Tuesday, April 14, 2020

Church Challenges To COVID-19 Orders Proliferate

Suits challenging COVID-19 orders that ban group church services are proliferating.  Sacramento Bee reported yesterday:
A group of Inland Empire pastors is suing California Gov. Gavin Newsom in federal court, alleging that his administration is “criminalizing the free exercise of religion” with stay-at-home directives that have prevented people from attending church services....
One of the plaintiffs is Dean Moffatt, a Riverside County pastor who was fined $1,000 for holding a Palm Sunday church service, according to the complaint filed.
KRQE News reported yesterday:
An Albuquerque [New Mexico] megachurch is now suing the state claiming the governor violated the first amendment that protects the freedom of religion. Specifically, it’s focused on the church’s Easter Sunday service and the number of people it takes to live stream to its congregation....
[Pastor Steve] Smothermon of Legacy Church filed suit requesting a temporary restraining order but also a permanent injunction affording them the same restrictions as local essential retailers, limiting capacity to 20%. Smothermon says to hold yesterday’s service they would have a worship team, a band, the pastor and technical staff. A group of about 30 people. Therefore, conducting the live-streamed services would immediately violate the governor’s order to limit gatherings to no more than five people.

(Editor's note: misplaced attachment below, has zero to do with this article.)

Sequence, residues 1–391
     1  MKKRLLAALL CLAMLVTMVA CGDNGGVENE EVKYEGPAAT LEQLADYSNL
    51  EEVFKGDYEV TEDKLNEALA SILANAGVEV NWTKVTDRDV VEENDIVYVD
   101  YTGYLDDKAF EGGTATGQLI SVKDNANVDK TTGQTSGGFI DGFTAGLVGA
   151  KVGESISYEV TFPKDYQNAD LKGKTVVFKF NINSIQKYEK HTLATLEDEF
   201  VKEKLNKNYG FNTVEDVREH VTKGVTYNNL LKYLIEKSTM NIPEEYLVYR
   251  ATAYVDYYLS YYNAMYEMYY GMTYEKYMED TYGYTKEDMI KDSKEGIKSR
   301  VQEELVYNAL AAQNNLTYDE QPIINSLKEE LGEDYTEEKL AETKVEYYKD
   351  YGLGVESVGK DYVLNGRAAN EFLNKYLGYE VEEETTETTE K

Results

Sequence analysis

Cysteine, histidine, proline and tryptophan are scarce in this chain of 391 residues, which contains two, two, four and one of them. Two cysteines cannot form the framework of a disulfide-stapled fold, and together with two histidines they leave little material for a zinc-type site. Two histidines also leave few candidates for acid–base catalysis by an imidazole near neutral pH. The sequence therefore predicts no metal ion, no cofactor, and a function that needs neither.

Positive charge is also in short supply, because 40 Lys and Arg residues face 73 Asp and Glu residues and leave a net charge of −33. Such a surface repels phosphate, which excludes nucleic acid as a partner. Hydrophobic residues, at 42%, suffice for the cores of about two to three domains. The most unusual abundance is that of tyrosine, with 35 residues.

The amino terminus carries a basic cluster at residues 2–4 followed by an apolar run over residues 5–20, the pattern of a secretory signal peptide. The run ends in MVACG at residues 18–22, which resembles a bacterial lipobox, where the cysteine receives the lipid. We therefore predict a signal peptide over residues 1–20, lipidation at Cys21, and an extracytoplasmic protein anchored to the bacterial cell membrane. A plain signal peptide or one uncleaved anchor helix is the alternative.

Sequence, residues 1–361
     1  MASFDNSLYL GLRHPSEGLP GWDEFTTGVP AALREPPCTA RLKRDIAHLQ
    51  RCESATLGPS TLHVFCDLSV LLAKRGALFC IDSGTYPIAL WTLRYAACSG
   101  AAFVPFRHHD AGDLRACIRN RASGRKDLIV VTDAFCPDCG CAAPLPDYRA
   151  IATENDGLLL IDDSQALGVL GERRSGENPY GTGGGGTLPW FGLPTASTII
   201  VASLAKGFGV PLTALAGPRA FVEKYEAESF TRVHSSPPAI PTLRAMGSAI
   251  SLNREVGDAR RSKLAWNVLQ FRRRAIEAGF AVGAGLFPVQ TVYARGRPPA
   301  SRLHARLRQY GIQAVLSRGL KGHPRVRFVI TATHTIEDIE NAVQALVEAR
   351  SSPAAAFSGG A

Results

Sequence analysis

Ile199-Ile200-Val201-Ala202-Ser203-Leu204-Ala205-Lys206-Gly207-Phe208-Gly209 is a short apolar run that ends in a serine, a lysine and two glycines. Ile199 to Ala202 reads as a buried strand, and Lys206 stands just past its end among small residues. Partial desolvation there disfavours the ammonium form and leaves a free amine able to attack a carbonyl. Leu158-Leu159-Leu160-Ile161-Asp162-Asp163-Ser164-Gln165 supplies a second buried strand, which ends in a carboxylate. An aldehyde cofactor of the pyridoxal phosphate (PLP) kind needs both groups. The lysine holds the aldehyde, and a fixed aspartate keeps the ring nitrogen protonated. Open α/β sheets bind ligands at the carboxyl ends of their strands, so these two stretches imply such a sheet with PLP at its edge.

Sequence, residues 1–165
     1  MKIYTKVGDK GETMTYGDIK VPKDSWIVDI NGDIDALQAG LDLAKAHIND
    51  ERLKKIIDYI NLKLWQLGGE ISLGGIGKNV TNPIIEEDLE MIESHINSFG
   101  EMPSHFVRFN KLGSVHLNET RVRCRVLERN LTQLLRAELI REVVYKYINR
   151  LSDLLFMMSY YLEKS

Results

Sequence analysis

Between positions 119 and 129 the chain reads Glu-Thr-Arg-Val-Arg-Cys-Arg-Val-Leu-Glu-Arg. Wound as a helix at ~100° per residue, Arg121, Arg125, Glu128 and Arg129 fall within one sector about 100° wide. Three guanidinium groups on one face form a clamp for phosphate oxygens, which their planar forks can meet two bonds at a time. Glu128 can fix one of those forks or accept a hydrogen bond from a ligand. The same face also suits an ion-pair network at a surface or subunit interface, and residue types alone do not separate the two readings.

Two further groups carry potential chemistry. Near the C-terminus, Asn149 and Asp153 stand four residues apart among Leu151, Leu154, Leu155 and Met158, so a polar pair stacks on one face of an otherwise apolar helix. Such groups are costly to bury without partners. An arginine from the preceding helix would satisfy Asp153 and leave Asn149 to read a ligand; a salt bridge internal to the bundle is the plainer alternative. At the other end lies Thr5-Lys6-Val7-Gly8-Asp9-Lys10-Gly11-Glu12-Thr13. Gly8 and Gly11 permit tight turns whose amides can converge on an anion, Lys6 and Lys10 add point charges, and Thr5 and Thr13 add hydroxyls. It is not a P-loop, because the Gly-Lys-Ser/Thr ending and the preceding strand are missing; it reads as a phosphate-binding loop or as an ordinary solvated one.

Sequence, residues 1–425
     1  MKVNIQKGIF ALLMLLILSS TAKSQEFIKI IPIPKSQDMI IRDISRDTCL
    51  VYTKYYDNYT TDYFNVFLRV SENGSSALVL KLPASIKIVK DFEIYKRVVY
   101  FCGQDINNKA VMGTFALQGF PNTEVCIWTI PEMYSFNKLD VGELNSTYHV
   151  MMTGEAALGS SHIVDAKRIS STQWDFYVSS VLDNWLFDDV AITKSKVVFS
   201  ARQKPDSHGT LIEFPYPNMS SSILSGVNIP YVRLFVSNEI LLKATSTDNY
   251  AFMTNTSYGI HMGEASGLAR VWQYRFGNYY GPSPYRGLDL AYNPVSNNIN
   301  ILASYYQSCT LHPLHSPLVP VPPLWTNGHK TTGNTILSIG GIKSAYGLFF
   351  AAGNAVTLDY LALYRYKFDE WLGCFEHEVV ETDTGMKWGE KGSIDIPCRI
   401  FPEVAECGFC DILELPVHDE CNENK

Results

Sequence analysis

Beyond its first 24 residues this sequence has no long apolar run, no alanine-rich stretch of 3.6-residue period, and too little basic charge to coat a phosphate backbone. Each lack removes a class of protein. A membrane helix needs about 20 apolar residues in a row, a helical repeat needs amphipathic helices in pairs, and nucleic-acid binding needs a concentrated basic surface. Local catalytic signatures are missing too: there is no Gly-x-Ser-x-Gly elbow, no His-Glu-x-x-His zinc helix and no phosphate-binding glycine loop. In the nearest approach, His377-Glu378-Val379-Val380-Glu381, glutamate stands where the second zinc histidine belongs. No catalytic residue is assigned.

WAVE News reported yesterday:
 A Kentucky church whose members defied Gov. Andy Beshear’s executive order not to gather in groups now plans to file a federal lawsuit claiming its constitutional rights were violated.
The Maryville Baptist Church is at the center of the debate, after about 50 members attended an Easter service in person.
Kentucky State Police troopers were ordered to take down the license plates of those who attended, threatening to quarantine them.
The church’s attorney, Matthew Staver, said the lawsuit is because the church was targeted.